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#10 uberVU - social comments on 12.02.09 at 6:13 am

Social comments and analytics for this post…

This post was mentioned on Twitter by cdaffara: Jay Lyman on GE CIO: http://bit.ly/6HJ8xJ Excellent post. It is true that most CIO are not aware of their own deployments…..

#11 GE, Microsoft, Comcast and (Microsoft AstroTurf at) Twitter: Pact of Lies | Boycott Novell on 12.02.09 at 7:20 am

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#12 Fitzcarraldo on 12.02.09 at 7:55 am

So all those Linux servers used by the New York Stock Exchange and its European subsidiaries for their mission-critical trading are “risky” too then? And so are the Linux servers used at some large airports to support mission-critical terminal operations? And so are the Linux computers inside some X-ray machines? And how about all those supercomputers using Linux (for example at the Lawrence Livermore National Laboratory and the UK Met Office, to name but two)? Aren’t they mission-critical? And what about all the RAID and non-RAID NAS devices with embedded Linux and FOSS software (e.g. Samba) being used by corporations and small businesses? And what about all those Apache servers used by large and small corporations running Web shops? Not to mention all the companies using Amazon’s EC2 (Linux-based) service to run software on virtual servers. The list goes on and on. The fact is that there is an element of risk whether you use open-source or closed-source software.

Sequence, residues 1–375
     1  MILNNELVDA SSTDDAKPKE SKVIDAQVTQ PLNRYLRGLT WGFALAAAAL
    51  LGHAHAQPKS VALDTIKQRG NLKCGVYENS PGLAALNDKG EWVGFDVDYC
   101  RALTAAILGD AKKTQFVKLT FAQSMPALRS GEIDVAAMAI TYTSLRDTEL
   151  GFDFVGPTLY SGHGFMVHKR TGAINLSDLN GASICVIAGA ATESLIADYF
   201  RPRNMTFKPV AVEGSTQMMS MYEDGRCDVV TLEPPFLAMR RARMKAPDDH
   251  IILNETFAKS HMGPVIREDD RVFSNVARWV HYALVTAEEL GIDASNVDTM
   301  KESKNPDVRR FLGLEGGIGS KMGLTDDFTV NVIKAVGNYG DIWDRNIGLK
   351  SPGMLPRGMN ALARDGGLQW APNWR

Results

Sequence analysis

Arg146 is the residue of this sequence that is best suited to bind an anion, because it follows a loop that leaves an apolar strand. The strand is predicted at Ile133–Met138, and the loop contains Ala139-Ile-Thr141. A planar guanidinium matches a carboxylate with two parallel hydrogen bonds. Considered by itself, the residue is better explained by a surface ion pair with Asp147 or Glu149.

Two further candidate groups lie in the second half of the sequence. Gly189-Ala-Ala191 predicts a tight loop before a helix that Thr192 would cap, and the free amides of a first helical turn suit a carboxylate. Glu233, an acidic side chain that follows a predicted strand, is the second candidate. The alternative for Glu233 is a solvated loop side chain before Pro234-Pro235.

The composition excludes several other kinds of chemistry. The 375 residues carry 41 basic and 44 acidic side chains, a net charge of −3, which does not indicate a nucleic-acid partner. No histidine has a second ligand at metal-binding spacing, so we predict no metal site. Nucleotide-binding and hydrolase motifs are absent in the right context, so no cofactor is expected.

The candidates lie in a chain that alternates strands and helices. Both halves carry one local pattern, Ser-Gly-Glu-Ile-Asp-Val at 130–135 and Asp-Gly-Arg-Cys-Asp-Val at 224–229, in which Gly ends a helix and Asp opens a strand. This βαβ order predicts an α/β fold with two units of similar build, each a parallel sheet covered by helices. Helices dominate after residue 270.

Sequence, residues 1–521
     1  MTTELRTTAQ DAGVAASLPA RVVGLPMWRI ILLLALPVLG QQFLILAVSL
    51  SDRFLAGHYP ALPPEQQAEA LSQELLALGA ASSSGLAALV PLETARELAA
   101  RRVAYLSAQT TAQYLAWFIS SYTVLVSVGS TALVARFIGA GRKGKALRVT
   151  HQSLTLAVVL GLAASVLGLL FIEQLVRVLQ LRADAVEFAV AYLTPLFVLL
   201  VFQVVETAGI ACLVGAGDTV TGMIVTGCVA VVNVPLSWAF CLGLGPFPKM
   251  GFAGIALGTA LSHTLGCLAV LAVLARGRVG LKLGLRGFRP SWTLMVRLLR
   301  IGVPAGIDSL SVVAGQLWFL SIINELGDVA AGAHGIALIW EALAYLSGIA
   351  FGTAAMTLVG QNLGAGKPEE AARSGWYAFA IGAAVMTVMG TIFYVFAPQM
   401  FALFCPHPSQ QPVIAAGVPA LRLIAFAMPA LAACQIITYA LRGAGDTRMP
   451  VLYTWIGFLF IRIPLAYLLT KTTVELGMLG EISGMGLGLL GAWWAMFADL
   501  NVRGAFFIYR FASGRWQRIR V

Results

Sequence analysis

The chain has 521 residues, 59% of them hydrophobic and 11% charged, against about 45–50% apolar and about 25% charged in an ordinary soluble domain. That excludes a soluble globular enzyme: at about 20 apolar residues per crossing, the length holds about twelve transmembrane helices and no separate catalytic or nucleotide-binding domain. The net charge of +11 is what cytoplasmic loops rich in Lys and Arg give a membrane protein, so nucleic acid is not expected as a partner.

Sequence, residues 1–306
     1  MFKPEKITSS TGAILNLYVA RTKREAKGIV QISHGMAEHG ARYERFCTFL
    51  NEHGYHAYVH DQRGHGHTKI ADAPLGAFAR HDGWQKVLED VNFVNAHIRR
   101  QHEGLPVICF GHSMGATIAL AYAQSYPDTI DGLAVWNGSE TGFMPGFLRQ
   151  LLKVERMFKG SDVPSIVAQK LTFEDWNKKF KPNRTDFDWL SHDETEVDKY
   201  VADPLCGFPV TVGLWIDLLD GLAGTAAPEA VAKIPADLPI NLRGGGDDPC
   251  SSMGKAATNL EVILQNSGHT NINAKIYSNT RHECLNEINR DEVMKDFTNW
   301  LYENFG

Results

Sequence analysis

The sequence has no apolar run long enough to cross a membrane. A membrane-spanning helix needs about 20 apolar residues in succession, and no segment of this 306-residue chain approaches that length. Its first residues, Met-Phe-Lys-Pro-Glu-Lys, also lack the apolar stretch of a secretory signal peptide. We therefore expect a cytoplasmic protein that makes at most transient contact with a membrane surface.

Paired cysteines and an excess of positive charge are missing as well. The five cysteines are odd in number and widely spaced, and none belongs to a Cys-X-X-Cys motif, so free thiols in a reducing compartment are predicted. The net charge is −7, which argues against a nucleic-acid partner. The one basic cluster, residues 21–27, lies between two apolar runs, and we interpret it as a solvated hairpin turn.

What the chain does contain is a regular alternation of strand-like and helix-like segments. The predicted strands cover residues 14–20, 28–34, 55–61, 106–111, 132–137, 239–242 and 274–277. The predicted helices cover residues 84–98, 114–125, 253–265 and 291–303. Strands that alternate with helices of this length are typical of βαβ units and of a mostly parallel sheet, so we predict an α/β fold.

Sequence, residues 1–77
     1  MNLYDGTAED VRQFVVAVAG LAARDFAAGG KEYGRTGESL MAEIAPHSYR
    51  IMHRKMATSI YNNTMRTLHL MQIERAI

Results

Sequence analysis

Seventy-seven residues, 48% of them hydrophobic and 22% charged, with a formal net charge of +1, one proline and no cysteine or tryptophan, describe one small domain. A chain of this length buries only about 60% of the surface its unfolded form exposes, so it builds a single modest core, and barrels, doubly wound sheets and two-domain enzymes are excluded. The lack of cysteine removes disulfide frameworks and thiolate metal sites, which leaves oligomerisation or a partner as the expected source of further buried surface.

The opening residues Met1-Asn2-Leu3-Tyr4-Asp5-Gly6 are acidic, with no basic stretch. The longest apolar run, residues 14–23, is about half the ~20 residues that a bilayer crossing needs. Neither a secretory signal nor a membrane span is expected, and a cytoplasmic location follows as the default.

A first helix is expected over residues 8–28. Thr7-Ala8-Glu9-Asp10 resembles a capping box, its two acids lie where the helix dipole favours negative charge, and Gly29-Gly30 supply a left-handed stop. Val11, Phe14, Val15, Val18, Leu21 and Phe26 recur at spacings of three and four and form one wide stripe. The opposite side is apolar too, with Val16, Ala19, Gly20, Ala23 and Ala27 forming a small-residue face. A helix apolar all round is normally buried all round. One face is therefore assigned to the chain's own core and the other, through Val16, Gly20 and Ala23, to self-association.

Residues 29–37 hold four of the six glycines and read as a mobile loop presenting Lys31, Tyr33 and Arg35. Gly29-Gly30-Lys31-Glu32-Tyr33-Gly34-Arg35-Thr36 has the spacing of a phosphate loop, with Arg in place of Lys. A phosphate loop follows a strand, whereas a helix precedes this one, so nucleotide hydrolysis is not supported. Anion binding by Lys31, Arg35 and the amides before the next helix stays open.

#13 Denis Mathew on 12.04.09 at 5:40 am

The people talking against are been paid by Closed Source Vendors (for eg. Microsoft bribing political leaders of many countries in the way of donating money to poor or medical aid etc. all these goes to politicians) I think the above Gentle man from GE who does not have any technical Knowledge speaking in such a manner. I had also worked for GE. Most of its avaiation apps runs on top of Linux.

#14 451 CAOS Theory » GE European CIO calls open source risky … | Linux Affinity on 12.04.09 at 7:19 am